Greetings from the friendly skies. I’m somewhere between San Francisco and Phoenix, or is it Atlanta and DC? Either way I’m enjoying the fascinating company of the president of the National Association of Dance Masters – zzzzzzz – an organization dating back to – wait for it – 1884! – and dedicated to certifying dance instructors. Madam President is en route to a conference in – snap out of it, Jason – Ocean City, MD. A car of some type, I think, will pick her up and drive her to her hotel. She hopes. Will the water be cold? Will the boardwalk be open? … Zzzzzz … zzzzzzzzzzzz … Dozed off there for a moment. Allow me to squigee drool from my laptop.

I apologize for being mostly AWOL the last few days and not taking time to weigh in on Super Tuesday. (I’m sure thousands of you have been waiting breathlessly at your computers, refreshing dozens of times per hour for my latest screed. Right RedStateEddio? Toby? Troy? Whodat?)

I doubt there’s much I can say about Tuesday that hasn’t been said by others and probably draped with much more eloquence. McCain went for a knockout and missed, but he won the biggies and no doubt sat back like Dr. Burns tapping his fingers and watching his boy-toy Huckabee siphon votes from Romney.

One of the few rules since PD’s founding is that contributors wouldn’t cheerlead for a specific candidate. Taking shots at one side or another, and many of those shots being cheap in nature, is encouraged. But we’ve asked our lefties, righties and Switzerlands not to simply back a single candidate. For the most part we’ve stayed true to that, writing generally about what we’ve liked and disliked about the candidates without too obviously showing our hand.

It comes as no surprise to anyone that I’m a conservative. I shed that hat when appearing on radio and TV, usually billed as a “commentator”, “analyst”, “pundit”, or “doofus”. And in our Power Rankings I’ve been an equally opportunity offender. But make no mistake, I am a proud conservative.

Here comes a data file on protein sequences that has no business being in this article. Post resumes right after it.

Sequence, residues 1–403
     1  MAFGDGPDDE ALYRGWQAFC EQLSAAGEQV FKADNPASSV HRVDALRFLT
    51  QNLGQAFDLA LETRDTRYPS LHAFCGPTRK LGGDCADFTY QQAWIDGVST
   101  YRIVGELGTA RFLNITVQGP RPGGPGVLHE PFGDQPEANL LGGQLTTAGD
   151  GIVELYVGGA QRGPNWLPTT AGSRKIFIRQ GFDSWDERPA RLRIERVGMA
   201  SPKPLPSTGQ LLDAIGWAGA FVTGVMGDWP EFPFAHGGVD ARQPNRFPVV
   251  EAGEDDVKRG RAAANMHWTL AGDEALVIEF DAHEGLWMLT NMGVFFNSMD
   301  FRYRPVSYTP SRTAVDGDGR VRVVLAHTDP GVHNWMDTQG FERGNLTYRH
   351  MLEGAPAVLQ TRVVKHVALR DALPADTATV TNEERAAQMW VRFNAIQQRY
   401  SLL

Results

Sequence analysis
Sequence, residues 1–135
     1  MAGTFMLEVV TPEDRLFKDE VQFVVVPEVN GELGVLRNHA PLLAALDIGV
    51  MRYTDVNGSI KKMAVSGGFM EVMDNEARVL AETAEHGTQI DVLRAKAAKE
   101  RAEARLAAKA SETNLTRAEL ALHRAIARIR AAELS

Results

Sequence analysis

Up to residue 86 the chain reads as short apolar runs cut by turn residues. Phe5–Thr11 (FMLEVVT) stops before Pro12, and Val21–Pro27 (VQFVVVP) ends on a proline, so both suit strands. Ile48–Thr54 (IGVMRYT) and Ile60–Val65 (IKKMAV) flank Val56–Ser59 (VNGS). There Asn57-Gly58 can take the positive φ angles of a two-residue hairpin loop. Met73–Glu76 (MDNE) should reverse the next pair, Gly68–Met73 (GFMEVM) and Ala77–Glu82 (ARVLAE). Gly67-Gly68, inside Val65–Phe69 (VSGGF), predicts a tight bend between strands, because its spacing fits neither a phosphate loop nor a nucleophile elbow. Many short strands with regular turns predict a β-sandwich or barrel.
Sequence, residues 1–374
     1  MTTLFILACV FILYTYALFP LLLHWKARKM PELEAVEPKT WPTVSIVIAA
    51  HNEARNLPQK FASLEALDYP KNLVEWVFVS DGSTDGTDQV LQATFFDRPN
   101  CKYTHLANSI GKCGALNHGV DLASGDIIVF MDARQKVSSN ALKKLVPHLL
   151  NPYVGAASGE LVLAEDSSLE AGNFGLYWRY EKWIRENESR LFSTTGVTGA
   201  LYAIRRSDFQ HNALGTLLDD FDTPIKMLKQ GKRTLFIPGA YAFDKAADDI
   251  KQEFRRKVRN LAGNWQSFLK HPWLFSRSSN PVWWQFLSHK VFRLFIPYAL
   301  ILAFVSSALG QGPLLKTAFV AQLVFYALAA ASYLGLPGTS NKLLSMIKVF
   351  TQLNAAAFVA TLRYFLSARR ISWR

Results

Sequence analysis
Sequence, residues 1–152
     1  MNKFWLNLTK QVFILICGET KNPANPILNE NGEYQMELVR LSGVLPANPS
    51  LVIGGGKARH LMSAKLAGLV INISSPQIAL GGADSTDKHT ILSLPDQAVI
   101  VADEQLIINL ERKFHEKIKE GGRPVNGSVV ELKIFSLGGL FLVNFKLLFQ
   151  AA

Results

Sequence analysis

So where am I now that we have a nominee?

Confession time: Early in this race I had feelings for Huckabee and I praised him often in the media. But the more I got to know him, the more we drifted apart. And when it became clear he only had eyes for McCain, I gave up. He so irritates me now I wouldn’t vote for him if he were the nominee. I’ll spare you the details, but I believe he’s been the least genuine, most dishonest candidate in this race.

Rudy? No thanks. He never interested me and I predicted his slide many times. I never imagined it would be so dramatic, but it was definitely something to watch. The greatest meltdown from frontrunner to loser that I’ve ever seen. And I know a little something about being a loser.

Then there was Fred. I liked the Fredster. I never thought he was as conservative as advertised, but it was hard not to get swept into the mania. But as predicted here — and certainly on other sites — it was never going to happen. He waited too long and entered with the greatest thud since “After MASH”. A source close to Fred and Jeri tells me this was never his idea, Jeri wanted to be First Lady and led the campaign to talk him into the race. And for all the flack McCain has taken for looking like an old broken piece of wet chalk, Fred looked older. I won’t be the first to make the Weekend at Bernie’s comparison, but I’ll make it anyway. His staff propped him up, they moved him through the paces, and no one believed he wanted to be president. Game over.

As for the rest of my potential love interests, Hunter is fabulous and might have made a great president, but he simply didn’t have enough support and I never believed–not for a second–he could win a single state. Tancredo is a one-issue guy, and a good one at that, but never viable beyond his home district. Brownback was pleasant enough. Oh, and entirely unelectable. Gilmore was… Crud, I forget who Gilmore was, but I think he ran for a while. Tommy Thompson was so unforgettable that if he hijacked the plane I’m on and demanded it land in Cuba, no one would have a clue who he was.